So far I have used the term packages - that term is actually not used for IBM LIC updates. They are instead called Engineering Change streams (EC or EC Stream) and are associated with an identification number and a description. The version is also not called version, it is referred to as Microcode Change Level.
An EC number identifies a particular set of internal code that collectively has a common purpose. Within each EC, an MCL identifies a particular internal code change and distinguishes it from previous and subsequent changes (ie. other MCLs) to the same EC.
Example: The FICON firmware for z114 is called N48123 and has the description "Ficon Express8S LIC". On my z114 I am running MCL 11.
If you ever mess up an update and need to roll an update back, you can always do that from the support element. An EC Stream has four different versions; Retrieved, Installable, Activated, and Accepted. When an update is made effective it is referred to as activated. An activated but not accepted update can be rolled back. When the update is known to be good it can then be accepted to update the known good state to include that particular update. In practice you would accept all currently activated updates when you start a new update. That means that you can always roll back to the last known good state.
With all that explained you should now be able to parse the following dialog. This is the dialog that displays exactly what management software and firmware is running on the mainframe.
If things have gone really bad you can reinstall the support elements and restore from a backup, at which point all firmware and management software will be returned to the known working version. I find that particular fact really nice. In a PC server if you want to downgrade firmware you will likely have to do an ad-hoc process per component (e.g. one for BIOS, one for NIC firmware, etc.).
There are quite a number of processes I have not covered in details, but they are worth mentioning. So here goes.
Some mainframes have their support elements kept disconnected from the internet for security reasons. When doing an update you then order a SUL (sorry, do not know the acronym!) package from IBM which can be used to install all available updates.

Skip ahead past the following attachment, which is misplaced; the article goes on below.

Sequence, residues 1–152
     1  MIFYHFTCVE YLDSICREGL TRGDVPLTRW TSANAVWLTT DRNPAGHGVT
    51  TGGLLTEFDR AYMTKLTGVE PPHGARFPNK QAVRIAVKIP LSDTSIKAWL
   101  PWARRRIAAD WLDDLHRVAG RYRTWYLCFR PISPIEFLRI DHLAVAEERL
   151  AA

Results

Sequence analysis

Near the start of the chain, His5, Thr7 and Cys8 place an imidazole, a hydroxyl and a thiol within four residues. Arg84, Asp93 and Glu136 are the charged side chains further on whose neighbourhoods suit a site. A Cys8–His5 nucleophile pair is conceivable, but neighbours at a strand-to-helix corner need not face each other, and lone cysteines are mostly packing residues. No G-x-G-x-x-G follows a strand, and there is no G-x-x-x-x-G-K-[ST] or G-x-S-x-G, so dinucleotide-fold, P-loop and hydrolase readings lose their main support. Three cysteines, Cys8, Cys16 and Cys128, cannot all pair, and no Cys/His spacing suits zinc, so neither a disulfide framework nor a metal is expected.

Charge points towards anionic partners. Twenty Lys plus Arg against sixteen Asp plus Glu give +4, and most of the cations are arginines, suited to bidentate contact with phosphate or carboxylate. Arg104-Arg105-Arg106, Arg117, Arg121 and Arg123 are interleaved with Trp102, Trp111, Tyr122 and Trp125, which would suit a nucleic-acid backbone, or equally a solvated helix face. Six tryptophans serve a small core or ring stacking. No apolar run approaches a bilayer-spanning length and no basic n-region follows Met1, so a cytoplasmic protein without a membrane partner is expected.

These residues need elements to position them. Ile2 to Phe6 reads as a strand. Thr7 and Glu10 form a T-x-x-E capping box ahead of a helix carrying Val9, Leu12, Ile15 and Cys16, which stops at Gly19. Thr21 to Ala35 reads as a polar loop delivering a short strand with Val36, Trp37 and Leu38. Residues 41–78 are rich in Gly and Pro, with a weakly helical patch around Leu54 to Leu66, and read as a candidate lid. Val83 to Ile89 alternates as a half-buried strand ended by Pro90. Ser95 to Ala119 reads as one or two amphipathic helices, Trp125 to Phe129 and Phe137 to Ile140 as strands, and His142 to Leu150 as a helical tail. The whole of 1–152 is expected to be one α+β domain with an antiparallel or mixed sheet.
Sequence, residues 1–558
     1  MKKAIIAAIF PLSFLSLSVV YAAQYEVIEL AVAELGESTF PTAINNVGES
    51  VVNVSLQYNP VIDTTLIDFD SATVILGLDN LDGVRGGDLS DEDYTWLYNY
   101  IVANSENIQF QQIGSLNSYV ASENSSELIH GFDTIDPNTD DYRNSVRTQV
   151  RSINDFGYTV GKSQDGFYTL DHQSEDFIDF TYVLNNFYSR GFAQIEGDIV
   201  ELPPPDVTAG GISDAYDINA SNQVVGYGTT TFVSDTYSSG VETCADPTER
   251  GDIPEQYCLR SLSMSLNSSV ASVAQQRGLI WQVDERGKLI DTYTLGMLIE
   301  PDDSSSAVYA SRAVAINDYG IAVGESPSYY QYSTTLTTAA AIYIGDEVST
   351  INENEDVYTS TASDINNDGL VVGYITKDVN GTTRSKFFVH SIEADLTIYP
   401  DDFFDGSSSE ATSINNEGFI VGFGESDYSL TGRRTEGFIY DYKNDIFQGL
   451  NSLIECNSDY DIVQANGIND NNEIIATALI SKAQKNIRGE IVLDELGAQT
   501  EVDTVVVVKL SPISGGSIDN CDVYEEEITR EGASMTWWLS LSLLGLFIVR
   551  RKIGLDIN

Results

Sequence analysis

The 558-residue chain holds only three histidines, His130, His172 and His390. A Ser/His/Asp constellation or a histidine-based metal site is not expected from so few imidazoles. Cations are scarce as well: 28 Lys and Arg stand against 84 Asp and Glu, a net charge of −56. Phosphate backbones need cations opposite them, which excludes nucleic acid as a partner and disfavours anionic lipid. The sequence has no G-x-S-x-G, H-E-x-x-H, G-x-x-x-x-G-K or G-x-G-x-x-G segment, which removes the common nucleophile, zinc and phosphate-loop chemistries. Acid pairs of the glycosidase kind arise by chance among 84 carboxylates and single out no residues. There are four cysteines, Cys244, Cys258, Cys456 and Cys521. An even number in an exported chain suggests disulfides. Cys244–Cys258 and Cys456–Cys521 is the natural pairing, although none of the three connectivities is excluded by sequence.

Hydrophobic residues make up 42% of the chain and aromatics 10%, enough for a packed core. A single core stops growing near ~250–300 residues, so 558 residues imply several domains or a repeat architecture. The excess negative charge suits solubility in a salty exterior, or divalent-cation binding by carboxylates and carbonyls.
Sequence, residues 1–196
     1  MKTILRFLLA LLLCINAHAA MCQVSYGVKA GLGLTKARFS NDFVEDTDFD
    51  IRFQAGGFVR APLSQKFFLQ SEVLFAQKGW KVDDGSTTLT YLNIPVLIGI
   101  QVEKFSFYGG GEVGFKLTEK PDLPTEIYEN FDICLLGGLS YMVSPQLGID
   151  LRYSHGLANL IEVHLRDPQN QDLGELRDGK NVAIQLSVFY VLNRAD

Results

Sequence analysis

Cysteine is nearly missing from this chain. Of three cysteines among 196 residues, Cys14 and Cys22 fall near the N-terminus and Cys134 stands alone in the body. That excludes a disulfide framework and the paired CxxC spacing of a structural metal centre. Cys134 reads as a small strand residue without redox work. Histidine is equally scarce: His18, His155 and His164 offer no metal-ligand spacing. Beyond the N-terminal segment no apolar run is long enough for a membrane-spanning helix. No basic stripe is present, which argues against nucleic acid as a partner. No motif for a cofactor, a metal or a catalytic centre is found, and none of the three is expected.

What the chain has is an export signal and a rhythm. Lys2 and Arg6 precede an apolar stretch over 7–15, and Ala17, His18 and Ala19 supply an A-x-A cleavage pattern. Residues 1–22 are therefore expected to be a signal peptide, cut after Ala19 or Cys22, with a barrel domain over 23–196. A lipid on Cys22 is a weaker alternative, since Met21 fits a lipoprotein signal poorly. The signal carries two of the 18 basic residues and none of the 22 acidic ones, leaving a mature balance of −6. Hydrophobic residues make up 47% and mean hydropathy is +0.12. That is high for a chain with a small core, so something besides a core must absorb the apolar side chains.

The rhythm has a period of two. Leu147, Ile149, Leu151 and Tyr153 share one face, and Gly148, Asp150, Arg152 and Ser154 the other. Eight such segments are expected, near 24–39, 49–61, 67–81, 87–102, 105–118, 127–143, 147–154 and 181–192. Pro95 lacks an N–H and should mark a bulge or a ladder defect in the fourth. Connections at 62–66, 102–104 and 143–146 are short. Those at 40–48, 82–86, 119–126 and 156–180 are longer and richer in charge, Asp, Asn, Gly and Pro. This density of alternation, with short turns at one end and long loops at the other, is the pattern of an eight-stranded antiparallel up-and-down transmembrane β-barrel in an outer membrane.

If you do not wish to install a particular update, there are plenty of ways you can select some but not others - that is something that I wish more modern systems would consider. Indeed, this function is part of a critical feature called Concurrent Driver Upgrade (CDU). It works by upgrading to a fixed point but not further. The driver upgrade has been crafted by IBM to support doing hitless upgrades from these CDU points. I can highly recommend the interested reader to read more about this process in the z Series HMC Redbook.
Another important subject are so called High Impact/Pervasive Program Temporary Fix (HIPER) alerts. These are sent out by IBM to inform customers about critical bugs and what updates needs to be installed to work around these issues. This is how an example HIPER looks like:
I asked an IBMer "How often do a typical mainframe customer install the latest updates?". I was not sure what I expected, but the answer was that the recommendation is to do an update every 3 months and is done by an IBM technician. I take this to mean that few if any customers go through the update process themselves.
That is all I had for you folks this time! Since my z114 does not have an IBM support contract my experience running these processes described above is limited. Do you have stories to tell or experiences to share? Let me know down in the comments!
Thanks for reading!